Many people have likely seen the Chemex at a cafe, on a retail shelf, or maybe in their own kitchen. But few people know the interesting history of the Chemex Coffee Maker and how such a simple glass vessel redefined coffee brewing long before specialty grade coffee and advanced brewing techniques were the norm.
The Chemex coffee maker was invented by German chemist and inventor Dr. Peter Schlumbohm. While being most known for the Chemex, Dr. Schlumbohm had a collection of over 300 patents for various consumer products ranging from refrigeration devices, unburnable gasoline (whatever that means), and even automobiles. The patent for the Chemex was originally referred to as merely a “filtering device” and was filed in 1939. The original intention was not just for coffee brewing, but general laboratory applications as well.
The same year, the Chemex Corporation was founded, with Shlumbohm at the helm. Some changes were made to the original design including removal of the handle and spout and implementation of the pouring groove. The Chemex design was very quickly fortified as what we know it to be today. It has a simplistic, hourglass shape, a recessed pouring groove, and a wooden collar with a leather tie.
The design quickly resonated with consumers during the early 1940s, influenced in part by German Bauhaus design and simplistic and functional lab ware. Being made completely out of glass served as an advantage for the Chemex Corporation as well, as other materials such as chrome and aluminum were reserved solely for the production of weaponry. In 1942, the Chemex was featured on the cover of the Museum of Modern Arts’ bulletin highlighting the most “Useful Objects of Wartime”. The Chemex can be found in countless other museum collections and academic journals where it is praised for being one of the best designed products of all time.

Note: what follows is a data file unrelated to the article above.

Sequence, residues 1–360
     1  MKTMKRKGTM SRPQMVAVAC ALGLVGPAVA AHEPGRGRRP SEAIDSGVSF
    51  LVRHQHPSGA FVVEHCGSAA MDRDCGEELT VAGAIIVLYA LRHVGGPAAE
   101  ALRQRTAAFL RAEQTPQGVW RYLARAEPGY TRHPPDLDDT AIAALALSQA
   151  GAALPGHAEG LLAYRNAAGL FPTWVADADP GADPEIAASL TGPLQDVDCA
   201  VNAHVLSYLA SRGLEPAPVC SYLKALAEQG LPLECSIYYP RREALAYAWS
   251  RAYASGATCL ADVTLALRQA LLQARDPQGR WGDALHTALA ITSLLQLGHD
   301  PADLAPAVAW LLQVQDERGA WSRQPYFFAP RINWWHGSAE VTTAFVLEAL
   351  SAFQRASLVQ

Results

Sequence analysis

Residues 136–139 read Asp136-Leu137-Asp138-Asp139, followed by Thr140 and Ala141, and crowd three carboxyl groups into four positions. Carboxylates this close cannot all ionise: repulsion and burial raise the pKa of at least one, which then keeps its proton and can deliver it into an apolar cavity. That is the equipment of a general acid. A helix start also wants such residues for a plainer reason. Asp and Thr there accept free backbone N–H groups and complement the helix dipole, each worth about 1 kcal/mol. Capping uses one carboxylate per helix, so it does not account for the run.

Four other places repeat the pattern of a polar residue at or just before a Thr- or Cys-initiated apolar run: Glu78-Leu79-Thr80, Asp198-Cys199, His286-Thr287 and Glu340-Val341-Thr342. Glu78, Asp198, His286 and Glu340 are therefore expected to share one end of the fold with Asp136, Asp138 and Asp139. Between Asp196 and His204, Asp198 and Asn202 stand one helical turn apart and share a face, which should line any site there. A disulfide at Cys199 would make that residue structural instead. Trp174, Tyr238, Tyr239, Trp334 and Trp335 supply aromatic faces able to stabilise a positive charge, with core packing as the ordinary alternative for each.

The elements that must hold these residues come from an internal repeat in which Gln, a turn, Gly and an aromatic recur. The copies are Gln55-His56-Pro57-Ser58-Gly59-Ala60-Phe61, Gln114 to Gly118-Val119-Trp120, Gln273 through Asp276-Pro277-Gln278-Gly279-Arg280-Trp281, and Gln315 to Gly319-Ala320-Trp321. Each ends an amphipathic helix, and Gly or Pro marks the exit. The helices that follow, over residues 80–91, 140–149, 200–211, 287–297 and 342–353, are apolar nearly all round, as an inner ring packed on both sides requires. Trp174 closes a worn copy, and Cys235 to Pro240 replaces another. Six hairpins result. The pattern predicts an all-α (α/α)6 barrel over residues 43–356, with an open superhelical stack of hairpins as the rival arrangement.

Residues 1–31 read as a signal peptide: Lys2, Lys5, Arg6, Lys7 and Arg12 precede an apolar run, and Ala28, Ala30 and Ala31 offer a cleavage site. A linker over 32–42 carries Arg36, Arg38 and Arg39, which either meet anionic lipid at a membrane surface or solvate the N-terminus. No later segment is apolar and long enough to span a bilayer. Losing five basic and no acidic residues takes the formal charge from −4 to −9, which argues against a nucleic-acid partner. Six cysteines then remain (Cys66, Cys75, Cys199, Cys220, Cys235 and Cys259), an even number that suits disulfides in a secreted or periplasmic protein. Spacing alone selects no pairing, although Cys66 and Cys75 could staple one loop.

And while the design is simple, it is incredibly purposeful. The angle of the top portion of the carafe is designed in a way that directs the flow of water through the brewer at a desirable speed. Pair that with the proprietary double bonded filters and the Chemex is able to extract many of the complex and enticing flavors of a coffee that many brewers cannot.
But how do you use a Chemex? Here is how we like to operate:
We use a 1:16 ratio of coffee to water. A standard recipe for two cups of coffee uses 40 grams of coffee and 640 grams of water.
- Grind coffee to a medium-coarse grind
- Rinse and preheat your filter and brewer
- Discard rinse water
- Add your ground coffee to the filter and tare your scale
- Start your timer and add in 80 grams of water and allow coffee to bloom for 45 seconds.
- After 45 seconds begin slowly adding your remaining water using one steady consistent stream
- Use your gooseneck kettle to make steady concentric circles starting from the center and working your way out
- You should have poured the remaining 560 grams of water in about 2 minutes. Bringing total brew time to 2 minutes and 45 seconds.
- After the coffee has finished dripping, remove the filter and give the Chemex a swirl before serving
Fun Fact: 1 gram of water is equal to one milliliter water. A useful tip for those without a coffee scale.